Wednesday, 5 April 2017

Funding Our Little Frankenstein

Unlike K (who had 16 pages of questions), the very first question I had when I started researching IVF was: "How much is this going to cost me?" Once I found out the price tag of 10 to 15 grand the second question I had was : "How in the hell are we going to pay for this?"

The obvious answer was to use credit. We could rack up our credit cards at 14% to 20% interest, we could get a personal loan from the bank, or the clinic even conveniently works with a financier who charges a minimum interest rate of 7.49%. I mean if we were going to go into debt for something I think a child would be worthwhile right? Except for the fact that we had worked incredibly hard up until now to pay down our debt so we could bring a child into the world without too much added financial strain; we really didn't want to let all that hard work go to waste.

So we sat down together, determined to pay up front for at least the first round of IVF (if a second was needed, we'd either be going into debt or selling organs, and I'm already going to be down a nut so my vote goes to K's kidney), and by a few different avenues, I can proudly say we will be able to pay for the treatment without using any additional credit. In this post, I'm going to tell you how we did that.

We Got A Roommate (sort of)
We already had this in place because my big beardy twin brother, D, already lives with us, but when we decided to direct all the funds from his rent money into our savings account, it gave us a major boost in our savings plan. D's plan was to not be around when K was pregnant (I think hormones scare him, which makes sense being as he's a full grown man who will visibly cringe at the thought of the word "crowning") but since we found out we pretty much get to choose when we have the baby, it took some of the pressure off. We had obvious plans for his room once the baby came, but living with my big smelly twin brother isn't so bad. It gives me someone to talk to when K is working night shifts and its kind of a twin-win situation.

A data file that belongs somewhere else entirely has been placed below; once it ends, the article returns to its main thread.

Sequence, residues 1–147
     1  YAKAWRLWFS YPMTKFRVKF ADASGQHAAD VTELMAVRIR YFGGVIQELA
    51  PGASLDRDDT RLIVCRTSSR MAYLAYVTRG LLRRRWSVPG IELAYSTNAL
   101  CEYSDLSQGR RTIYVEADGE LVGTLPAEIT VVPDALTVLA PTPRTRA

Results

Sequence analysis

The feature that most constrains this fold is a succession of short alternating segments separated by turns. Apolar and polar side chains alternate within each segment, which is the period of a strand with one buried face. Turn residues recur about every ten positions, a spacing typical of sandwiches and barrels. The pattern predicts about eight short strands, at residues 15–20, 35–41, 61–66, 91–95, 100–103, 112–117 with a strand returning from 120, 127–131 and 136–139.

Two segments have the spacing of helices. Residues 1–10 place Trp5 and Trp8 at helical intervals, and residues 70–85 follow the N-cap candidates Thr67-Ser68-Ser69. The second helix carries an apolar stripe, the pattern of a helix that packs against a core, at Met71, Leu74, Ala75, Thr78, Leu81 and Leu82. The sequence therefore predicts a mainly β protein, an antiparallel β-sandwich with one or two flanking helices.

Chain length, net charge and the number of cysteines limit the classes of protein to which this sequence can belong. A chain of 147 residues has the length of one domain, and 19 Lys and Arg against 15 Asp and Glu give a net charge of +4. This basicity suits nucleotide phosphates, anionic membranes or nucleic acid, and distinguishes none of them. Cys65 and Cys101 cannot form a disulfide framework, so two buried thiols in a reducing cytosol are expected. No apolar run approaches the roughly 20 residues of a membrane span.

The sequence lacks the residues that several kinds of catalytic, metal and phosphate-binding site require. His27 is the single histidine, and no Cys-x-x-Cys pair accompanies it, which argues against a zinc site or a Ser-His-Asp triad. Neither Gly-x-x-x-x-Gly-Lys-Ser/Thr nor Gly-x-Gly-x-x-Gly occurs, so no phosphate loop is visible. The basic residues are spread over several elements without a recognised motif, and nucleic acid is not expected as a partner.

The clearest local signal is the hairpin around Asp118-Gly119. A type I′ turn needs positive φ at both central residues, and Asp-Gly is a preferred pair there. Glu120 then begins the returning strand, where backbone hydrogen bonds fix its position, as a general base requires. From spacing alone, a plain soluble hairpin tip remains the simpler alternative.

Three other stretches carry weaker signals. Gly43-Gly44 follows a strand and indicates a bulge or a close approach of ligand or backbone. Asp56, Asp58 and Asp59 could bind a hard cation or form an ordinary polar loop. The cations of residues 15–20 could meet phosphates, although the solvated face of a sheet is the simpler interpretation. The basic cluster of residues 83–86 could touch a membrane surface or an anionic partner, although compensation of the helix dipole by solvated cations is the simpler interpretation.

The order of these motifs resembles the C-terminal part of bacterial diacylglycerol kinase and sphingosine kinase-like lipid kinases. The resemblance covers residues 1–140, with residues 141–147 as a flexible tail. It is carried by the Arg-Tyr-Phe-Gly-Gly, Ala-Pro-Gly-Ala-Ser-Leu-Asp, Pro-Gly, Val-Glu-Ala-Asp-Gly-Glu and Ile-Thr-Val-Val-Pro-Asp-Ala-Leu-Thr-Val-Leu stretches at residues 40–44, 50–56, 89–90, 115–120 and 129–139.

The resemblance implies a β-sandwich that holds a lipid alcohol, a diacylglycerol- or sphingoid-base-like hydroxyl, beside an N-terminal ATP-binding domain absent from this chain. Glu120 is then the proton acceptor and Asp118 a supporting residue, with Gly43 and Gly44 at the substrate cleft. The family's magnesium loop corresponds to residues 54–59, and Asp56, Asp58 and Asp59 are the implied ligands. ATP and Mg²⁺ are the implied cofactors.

Got Another Job
I'm a very busy person, I've recently been forced to admit that I am too involved with too many things, but I found a little bit of time to make some extra cash on the side. I have all kinds of skills, most of them save me money, some cost me money, but only a couple of them have the potential to make me money. One of the money makers is being really good at writing resumes. I have been writing resumes for friends and family for years and have recently made the jump to writing them professionally. I don't charge an arm and a leg, I offer a reasonable rate (mainly because I have a moral issue with gouging people in a bad economy) and I offer a good service for those that don't have the experience to do it themselves. So I took that skill and turned it into baby making bank.

Dipped Into Our Emergency Fund
We were fortunate enough to be able to build up our savings a little bit after our wedding. It wasn't anywhere near the whole amount, but it gave us a head start on our saving plan. I'm no finance expert, but I'd rather dip into my savings a little bit than pay interest on a loan I'm going to have for years. Realistically, this isn't an emergency situation because we really do have the time to save up for IVF if we really wanted to, but when we've already been trying to conceive for 6 months with no success, before we ever even found out about our infertility, we really didn't want to wait.